Meadows would agree. He explained the recommendations he extends diabetic clients aren't much different than what he recommends to non-diabetic clients; you can't go wrong eating a 'whole food-based' diet that is protein-rich, high fiber, and contains the proper number of calories. With these basic ideas, he said there are infinite meal plan and recipe combinations one can enjoy.

Those alternative ingredients are key for Talbot. He points to the many nut milks available today, from cashew milk, to almond and hemp milk. And then there's everybody's favorite comfort food: pasta. Everybody knows pasta, has had pasta with tomato sauce, Talbot says, but swapping noodles for zucchini or shirataki noodles — noodles made from an Okinawan yam — results in "a tenth of the carbs of regular pasta." Plus, making your own sauce or dressing using an avocado achieves the creamy texture of, say, Alfredo sauce.

"Does that make it diabetic food because we're not using pasta? No," Talbot said. "It makes it really clean, healthy, fun, progressive food in my mind."

It just so happened Talbot was preparing plates of his zucchini pasta for an event he was catering on behalf of his non-profit organization, Beyond Type 1. He and his three co-founders, including singer and fellow type 1 diabetic Nick Jonas, "banded together…to educate those that want to know about diabetes," in addition to celebrating other T1D or T2D "warriors;" BT1 gives them a chance to be heard and to tell their story. It makes sense then Talbot has focused on raising "the levels of awareness above and beyond what anybody ever expected" this ADM.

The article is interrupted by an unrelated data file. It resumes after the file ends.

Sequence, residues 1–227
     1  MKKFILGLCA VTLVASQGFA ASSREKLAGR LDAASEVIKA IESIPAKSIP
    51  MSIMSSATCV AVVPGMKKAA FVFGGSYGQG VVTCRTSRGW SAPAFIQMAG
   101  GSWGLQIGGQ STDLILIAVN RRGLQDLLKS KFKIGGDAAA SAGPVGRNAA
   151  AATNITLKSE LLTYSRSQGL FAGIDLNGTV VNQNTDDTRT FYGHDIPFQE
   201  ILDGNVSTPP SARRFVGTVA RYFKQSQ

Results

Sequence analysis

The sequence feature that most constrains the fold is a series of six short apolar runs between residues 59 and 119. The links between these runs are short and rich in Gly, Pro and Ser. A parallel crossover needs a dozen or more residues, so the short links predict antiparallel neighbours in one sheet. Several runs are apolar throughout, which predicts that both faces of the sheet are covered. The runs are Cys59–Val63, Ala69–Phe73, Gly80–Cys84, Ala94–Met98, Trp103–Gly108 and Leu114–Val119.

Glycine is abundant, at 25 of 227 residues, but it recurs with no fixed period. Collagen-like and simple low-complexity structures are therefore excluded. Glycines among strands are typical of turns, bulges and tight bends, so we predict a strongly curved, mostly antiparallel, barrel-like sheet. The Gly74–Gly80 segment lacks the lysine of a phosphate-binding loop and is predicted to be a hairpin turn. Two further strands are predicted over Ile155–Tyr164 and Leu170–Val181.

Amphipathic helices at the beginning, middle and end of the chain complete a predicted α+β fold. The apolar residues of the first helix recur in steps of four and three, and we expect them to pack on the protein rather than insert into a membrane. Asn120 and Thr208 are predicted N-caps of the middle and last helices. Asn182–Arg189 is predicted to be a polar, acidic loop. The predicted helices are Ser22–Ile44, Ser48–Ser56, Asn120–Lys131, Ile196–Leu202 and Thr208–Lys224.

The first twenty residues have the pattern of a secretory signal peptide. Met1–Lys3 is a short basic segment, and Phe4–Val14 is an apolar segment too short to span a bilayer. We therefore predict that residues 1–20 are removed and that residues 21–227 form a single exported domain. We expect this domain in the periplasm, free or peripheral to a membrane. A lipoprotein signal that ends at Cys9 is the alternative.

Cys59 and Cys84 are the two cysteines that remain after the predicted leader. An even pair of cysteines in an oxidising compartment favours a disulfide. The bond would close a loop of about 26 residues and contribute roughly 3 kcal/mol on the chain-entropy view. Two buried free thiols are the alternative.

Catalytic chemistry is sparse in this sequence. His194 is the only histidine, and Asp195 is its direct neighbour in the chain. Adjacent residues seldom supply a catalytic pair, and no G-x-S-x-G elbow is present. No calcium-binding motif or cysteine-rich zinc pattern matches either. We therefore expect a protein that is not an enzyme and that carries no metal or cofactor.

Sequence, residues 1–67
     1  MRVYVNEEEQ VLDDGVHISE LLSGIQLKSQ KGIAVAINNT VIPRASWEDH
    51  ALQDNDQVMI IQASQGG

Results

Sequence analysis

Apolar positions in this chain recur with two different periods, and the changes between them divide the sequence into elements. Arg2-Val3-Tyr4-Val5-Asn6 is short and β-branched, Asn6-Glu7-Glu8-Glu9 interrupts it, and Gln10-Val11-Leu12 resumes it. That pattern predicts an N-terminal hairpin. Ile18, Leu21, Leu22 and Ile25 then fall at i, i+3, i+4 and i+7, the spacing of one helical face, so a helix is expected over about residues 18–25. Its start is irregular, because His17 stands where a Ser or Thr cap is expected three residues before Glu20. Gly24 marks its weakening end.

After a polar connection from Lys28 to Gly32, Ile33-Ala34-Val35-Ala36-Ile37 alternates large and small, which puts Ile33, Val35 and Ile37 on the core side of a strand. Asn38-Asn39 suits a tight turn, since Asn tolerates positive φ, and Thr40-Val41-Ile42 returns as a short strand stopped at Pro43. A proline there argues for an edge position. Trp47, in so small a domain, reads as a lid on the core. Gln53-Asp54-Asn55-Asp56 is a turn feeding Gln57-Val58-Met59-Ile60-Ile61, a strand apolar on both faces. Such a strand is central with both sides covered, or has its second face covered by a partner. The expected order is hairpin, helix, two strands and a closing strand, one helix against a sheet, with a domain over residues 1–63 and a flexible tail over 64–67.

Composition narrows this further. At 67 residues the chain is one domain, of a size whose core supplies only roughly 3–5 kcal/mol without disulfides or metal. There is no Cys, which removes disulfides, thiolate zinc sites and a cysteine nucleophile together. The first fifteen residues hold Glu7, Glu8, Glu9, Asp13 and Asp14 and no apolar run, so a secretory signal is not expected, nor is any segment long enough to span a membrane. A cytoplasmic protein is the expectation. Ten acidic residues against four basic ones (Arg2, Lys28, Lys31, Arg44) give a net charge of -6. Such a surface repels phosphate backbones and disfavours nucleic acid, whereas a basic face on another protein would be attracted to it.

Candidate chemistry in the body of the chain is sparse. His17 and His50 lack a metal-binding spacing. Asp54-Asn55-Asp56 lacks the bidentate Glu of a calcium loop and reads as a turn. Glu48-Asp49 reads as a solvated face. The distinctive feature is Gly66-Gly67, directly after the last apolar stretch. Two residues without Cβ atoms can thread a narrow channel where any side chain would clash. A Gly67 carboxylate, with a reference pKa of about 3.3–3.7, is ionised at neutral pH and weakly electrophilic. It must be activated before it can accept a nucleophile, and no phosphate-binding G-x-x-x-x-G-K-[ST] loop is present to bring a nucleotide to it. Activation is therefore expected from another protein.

Somewhere along the way we managed to get ourselves invited to Talbot's Brooklyn apartment as he was prepping part of the event's menu. You can see how that went and how to make his pasta in the comfort of your own home, in the video above. Trust us when we say you need this recipe in your life. 

"If you have been diagnosed with prediabetes, in some ways you’re lucky, because you have a chance to make some lifestyle changes that can really improve your life and help avoid developing type 2 diabetes," Meadows concluded. "Moving forward, it is so important to remember that achieving a healthy body weight will help you avoid many health problems and the best plan to achieve this is to stay focused on eating healthy foods and staying physically active."

Zucchini Pasta with Green Goddess Vinaigrette

Servings: 16

  • 8 zucchini
  • 4 avocados
  • 1/2 cup coconut oil, warmed to a liquid
  • Sea salt 
  • 2 garlic cloves, smashed and chopped
  • 1/2 cup chili vinegar 
  • 2 tablespoons lime juice
  • 3 tablespoons honey
  • 3 cups basil
  • 2 cups mint 
  • 4 cups pear tomatoes, sliced 
  • 1/2 cup pine nuts, chopped 
  • Parmesan to taste for a garnish

1.Using a spiralizer or mandolin, turn the zucchini into pasta. If you do not have a spiralizer, you can do this with a mandolin. Salt with a little sea salt and let the "pasta" sit, so it softens.

2. Mix the all the ingredients for the Green Goddess vinaigrette — the avocados, coconut oil, chili vinegar, lime juice, and honey — with a hand blender. Season to taste.

3. Now heat the pasta with three tablespoons of the coconut oil on medium high heat. Add the garlic and cook for two minutes. 

4. Mix the pasta with the Green Goddess vinaigrette and most of the basil and mint, but set some of these herbs aside. Add the mixture into a serving bowl and garnish with the remaining herbs, the pine nuts, tomatoes, and Parmesan cheese.